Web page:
Now is time to put everything together. How you do this is largely up to you.
Find the gun's center of gravity, and mount it at that point. This is so the servo doesn't have to waste energy trying to keep the gun level. IMPORTANT: when the servo has no power supplied to it, the gun should tilt freely, and when you move it with your hand it should not return to level - rather it should stay right where you let go. Spend a lot of time getting this balance just right, it is a major factor in the effectiveness of your finished sentry.
You want a strong, solid sentry. Vibration will cause a lot of issues with the camera later, if you don't suppress it now. I'm not going to teach you how to build well, but keep in mind that screws and bolts are better than nails, nails are better than zip ties, zip ties are better than staples, and even staples are better than duct tape.
You want it close to the gun, but the gun barrel can't ever move into the camera's view - it will see that as a target. Also, the webcam should be as solid as possible - vibration from the servo's and gun firing will mess it up.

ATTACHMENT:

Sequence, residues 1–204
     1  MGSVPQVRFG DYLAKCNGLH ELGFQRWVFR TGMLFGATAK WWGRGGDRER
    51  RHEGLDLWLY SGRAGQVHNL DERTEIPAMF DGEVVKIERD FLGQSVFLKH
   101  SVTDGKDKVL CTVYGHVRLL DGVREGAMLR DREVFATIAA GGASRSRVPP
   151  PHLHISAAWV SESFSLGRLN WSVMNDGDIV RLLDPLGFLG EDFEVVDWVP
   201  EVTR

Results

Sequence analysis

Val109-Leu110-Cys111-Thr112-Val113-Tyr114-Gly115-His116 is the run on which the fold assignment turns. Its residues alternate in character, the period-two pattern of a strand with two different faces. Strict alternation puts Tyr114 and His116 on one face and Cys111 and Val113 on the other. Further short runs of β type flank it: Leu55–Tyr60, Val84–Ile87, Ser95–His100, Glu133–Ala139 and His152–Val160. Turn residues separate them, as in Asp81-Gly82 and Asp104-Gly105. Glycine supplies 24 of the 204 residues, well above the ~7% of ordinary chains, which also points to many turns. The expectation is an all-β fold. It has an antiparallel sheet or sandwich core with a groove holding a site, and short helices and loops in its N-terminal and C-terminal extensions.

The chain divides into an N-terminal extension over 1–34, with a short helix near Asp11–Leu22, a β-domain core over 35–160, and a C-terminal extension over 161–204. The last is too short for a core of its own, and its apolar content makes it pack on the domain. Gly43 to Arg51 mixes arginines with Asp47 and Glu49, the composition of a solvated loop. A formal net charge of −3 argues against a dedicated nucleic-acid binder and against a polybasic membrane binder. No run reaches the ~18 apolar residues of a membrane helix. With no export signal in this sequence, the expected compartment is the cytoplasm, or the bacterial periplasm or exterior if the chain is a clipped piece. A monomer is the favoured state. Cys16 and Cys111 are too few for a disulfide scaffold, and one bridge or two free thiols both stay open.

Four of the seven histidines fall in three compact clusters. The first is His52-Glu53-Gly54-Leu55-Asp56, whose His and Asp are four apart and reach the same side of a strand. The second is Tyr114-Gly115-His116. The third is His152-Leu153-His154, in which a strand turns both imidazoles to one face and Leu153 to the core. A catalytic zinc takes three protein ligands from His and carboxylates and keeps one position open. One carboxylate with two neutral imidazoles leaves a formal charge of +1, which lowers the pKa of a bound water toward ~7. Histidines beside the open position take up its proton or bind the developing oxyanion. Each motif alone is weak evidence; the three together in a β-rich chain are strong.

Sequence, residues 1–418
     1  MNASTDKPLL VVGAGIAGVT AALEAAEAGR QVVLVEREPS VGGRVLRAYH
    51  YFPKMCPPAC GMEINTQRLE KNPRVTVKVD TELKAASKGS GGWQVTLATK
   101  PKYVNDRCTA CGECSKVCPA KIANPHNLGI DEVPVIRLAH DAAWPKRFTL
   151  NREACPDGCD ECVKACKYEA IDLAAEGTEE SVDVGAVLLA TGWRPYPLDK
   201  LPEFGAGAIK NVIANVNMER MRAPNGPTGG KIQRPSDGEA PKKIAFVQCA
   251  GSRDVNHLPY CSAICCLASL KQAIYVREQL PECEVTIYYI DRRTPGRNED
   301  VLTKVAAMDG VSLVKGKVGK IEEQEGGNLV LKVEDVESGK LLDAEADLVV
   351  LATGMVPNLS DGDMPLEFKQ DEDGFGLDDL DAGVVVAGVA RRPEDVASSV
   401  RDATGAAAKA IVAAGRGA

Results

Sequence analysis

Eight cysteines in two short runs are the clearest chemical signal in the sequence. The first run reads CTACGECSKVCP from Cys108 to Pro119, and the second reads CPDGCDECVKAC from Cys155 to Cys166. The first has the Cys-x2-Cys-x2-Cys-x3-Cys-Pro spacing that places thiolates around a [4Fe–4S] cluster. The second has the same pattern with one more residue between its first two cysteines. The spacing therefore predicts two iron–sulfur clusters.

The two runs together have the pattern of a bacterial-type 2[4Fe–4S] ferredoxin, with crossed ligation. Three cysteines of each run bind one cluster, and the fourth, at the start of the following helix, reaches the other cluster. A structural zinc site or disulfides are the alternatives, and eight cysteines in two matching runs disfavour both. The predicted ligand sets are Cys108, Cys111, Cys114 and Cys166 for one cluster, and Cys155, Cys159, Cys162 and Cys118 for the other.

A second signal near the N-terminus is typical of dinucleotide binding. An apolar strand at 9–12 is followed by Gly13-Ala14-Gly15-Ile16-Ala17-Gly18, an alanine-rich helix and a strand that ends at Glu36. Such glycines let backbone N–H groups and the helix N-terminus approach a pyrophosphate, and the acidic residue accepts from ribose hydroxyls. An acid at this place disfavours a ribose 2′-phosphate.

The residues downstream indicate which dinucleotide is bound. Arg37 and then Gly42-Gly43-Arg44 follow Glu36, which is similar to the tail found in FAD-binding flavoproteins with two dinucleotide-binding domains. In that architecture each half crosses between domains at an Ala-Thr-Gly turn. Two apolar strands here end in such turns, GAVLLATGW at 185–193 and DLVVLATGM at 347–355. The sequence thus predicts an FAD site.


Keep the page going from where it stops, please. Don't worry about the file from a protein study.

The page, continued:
For example, when bolting on the webcam, and when bolting on the servo motors, and when bolting on the gun.
Depending on the expected use for the sentry (airsoft? paintball? water jet? laser?), you may need to add a durable compartment to hold the electronics.
A better idea might be to mount the sentry to something solid and fixed, like a wall. With that said, surveyor's tripods are great for sentry guns - they are heavy, stable, and often adjustable too.
I have documented the entire build process of the Gladiator II sentry gun, including sketched designs and lots of pictures.
Here's a video tutorial on how to find your gun's center of gravity, for mounting purposes:
Here's a video tutorial for an older build of mine:
Another nicely documented build: http://newplans.net/RDB/Sentry%20Gun.pdf
Next step: Wiring
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